100 μl of the thus prepared reagent was taken and diluted with 2 ml. of a saline solution. The relative fluorescein intensity of the dilution was measured using a spectrophotofluorometer Model 650 manufactured by Hitachi Ltd.
Separately, a calibration curve was prepared. Using the calibration curve, the amount of anti-human IgG bound to the microcapsules was quantitatively determined. Thus, the percentage to the anti-human IgG added was then determined.
The results are shown in Table 3.
TABLE 3.______________________________________Anti-Human IgG Bound to MicrocapsulesMicrocapsules A B C D E______________________________________Rate of Sensiti- 34 32 0 0 23zation of Anti-Human IgG (%)______________________________________
As can be seen from the results shown in Table 3, approximately 1/3 of the anti-human IgG added was bound to Microcapsules A and B and approximately 1/4 to Microcapsule E whereas the anti-human IgG was hardly bound to Microcapsules C and D.
Immunological agglutination was then caused between the anti-human IgG-sensitized microcapsule reagents and human IgG using a microtiter method. A cell in which agglutination could be clearly observed was made positive, and the maximum double dilution of human IgG was determined and made the anti-body titer (see A DICTIONARY OF IMMUNOLOGY, edited by W. J. Herbert and P. C. Wilkinson, Blackwell Scientific Publications, Oxford and Edinburgh, page 57).
A 1% saline solution of human IgG (GAMMA GLOBULIN HUMAN FR II, trademark, made by ICN Pharmaceuticals Inc.) and normal rabbit serum as a control were diluted 20 times by volume with a 0.15M phosphate buffer-saline solution (PBS, pH=7.2). 25 μl. of the thus obtained dilution liquids were put in respective cells on a microplate. The dilution liquids were further diluted with a phosphate buffer-saline solution in a doubling serial dilution to prepare a doubling dilution series.
Next, anti-human IgG-sensitized Microcapsules A, B, C, D and E prepared in the aforesaid manner were taken out with a dropper in 25 μl. samples of each; that is, to dilute the system serially, 25 μl. of one sample was added to one cell. The contents were mixed and 25 μl. was taken and added to a second cell. The procedure was repeated to the end of a row of cells so that the dilution in each cell was double that in the previous one, i.e., 1 in 2, 1 in 4, 1 in 8, 1 in 16, etc. Thus, serial dilution was formed on a microplate.
The microplate was shaken for 5 mins. at 37° C. to cause an antigen-antibody response. Thereafter, the microplate was allowed to stand at 4° C. overnight. The agglutination patterns formed were observed the next morning to obtain the titer values indicated in Table 4.
TABLE 4______________________________________ Potency of AntibodyMicrocapsule Control (normalReagent Human IgG rabbit serum)______________________________________A 2560 ≦20B 1280 ≦20C 160 80D ≦20 ≦20E 640 ≦20______________________________________
With Microcapsules A, B and E, specific agglutination occurred between each of Microcapsules A, B and E and human IgG. On the other hand, non-specific agglutination occurred between Microcapsule C and human IgG. With Microcapsule D, all microcapsules were sedimented, which means the pattern was negative.
With Microcapsule D, both of the serial dilutions were sedimented, showing a negative pattern.
As can be seen from the above results, Microcapsules A, B and E, which were prepared in the presence of high molecular weight substances containing anionic groups in the side chain thereof, such as sodium polystyrene sulfonate or maleic anhydridemethyl vinyl ether copolymer, were negatively charged at a zeta potential more negative than -20 mV in the pH range of from 3.5 to 5.5 so that anti-human IgG could be sensitized by the microcapsules and thus a reagent for detecting IgG could be prepared. With Microcapsules C and D, in which no high molecular weight substance containing anionic groups in the side chain thereof was employed, the zeta potential thereof was almost zero in the pH range of from 3.5 to 5.5 so that the microcapsules could not be negatively charged sufficiently to senstize antihuman IgG.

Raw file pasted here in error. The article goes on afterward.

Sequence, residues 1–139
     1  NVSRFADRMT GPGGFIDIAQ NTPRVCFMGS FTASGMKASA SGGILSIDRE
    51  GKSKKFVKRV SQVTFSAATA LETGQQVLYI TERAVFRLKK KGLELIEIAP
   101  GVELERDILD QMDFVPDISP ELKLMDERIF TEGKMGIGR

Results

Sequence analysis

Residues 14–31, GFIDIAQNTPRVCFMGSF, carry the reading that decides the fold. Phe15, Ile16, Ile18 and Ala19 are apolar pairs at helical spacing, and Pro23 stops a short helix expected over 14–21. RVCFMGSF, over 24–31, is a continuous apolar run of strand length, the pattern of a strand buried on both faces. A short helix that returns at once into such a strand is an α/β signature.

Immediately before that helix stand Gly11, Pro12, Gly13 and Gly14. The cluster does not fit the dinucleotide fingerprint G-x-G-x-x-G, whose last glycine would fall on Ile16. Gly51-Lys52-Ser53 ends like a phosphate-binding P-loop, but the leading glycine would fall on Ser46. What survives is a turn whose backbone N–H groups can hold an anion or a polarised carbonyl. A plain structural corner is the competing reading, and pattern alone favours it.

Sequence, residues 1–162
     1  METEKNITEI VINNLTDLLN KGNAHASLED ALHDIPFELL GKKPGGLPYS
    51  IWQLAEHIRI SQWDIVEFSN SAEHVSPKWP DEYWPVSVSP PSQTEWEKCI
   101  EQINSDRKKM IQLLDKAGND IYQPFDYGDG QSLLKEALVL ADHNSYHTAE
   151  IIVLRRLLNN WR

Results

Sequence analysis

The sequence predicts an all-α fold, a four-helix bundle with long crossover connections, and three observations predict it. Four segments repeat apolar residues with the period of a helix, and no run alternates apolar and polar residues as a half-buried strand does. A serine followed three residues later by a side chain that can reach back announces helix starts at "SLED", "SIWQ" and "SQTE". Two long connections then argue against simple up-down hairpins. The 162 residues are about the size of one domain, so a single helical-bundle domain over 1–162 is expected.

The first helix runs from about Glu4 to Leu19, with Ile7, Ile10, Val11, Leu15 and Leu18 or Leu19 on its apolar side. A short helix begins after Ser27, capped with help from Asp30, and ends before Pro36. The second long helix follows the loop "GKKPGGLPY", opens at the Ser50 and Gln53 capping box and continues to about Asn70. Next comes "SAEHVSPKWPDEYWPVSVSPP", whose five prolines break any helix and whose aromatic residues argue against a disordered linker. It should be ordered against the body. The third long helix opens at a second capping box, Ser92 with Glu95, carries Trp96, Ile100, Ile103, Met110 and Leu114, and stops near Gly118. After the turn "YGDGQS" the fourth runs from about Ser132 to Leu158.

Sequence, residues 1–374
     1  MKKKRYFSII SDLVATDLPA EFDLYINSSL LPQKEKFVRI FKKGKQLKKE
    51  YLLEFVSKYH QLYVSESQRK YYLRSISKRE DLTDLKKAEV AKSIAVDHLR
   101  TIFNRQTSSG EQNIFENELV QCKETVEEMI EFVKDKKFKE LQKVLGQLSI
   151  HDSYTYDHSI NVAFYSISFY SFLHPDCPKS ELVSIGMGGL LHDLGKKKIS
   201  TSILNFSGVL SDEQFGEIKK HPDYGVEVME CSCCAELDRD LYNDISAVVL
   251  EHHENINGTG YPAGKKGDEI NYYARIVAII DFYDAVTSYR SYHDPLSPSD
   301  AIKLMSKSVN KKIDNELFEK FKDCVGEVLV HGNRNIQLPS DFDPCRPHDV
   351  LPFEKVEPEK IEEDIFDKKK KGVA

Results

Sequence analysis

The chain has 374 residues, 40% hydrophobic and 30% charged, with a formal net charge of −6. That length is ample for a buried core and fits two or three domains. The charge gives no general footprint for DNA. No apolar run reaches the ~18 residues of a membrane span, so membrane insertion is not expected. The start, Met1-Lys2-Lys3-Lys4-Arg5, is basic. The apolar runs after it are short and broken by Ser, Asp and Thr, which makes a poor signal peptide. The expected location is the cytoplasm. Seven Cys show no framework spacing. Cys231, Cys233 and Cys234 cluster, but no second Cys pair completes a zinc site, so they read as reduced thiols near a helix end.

In a manner similar to Example 2, Microcapsules A, B, C and D were treated with glutaraldehyde to obtain individual dispersions thereof. The pH of the resulting dispersions was 5.3.
Treponema pallidum (Nichols strain) was inoculated and proliferated in the seminal vesicle of a rabbit. The seminal vesicle was removed 8 to 12 days after inoculation, sliced and then immersed in a 2.2% sodium citrate aqueous solution to exude mycellium out. Thereafter, the exudate was subjected to fractional centrifugal separation to collect the mycellium in an amount of 108 /ml. The thus collected mycellium was ground for 10 mins. using a sonic grinder (manufactured by Otake Seisakusho Co.). After centrifugal separation at 12,000 r.p.m., the resulting precipitate was diluted by 10 times the precipitate volume with a saline solution. 2 ml. of the resulting dilution product was mixed with 2 ml. of each of the microcapsules treated with glutaraldehyde. The mixture was incubated at 37° C. for 1 hr. After standing for 15 hrs. at 4° C., the mixtures were washed twice with a saline solution containing 0.2% glycine and again dispersed in a 0.15M phosphate-saline solution containing 2 ml. of 3% bovine serum albumin to prepare a reagent for detecting an antibody to syphilis in the serum.
Next, sera of patients with syphilis that were positive in both the FTA-ABS test and the TPHA test, and sera of volunteers showing negative in these tests, were diluted by 10 volume times with a 0.15M phosphate buffer-saline solution (PBS), respectively. Using 25 μl. of the thus diluted sera, serial dilutions with PBS were prepared on a microplate, respectively. Then, 25 μl. samples of each of the microcapsules sensitized by the ground mycelium component of Treponema pallidum (Nichols strain) were taken out by a dropper and dropwise added to cells on the microplates, thereby forming serial dilutions of the sera tested, respectively. The microplates were shaken for 5 mins. to cause an antigen-antibody response. After standing at 4° C. overnight, the precipitation patterns formed were observed the next morning.
No agglutination was caused with both Microcapsules A and B in the volunteers' sera. In the sera from the patients with syphilis, agglutination patterns were clearly observed with cells up to a 2560 time dilution.
However, in the case of using Microcapsules C and D, no agglutination occurred in the volunteers' sera or in the patients' sera.
While the invention has been described in detail and with reference to specific embodiments thereof, it will be apparent to one skilled in the art that various changes and modifications can be made therein without departing from the spirit and scope thereof.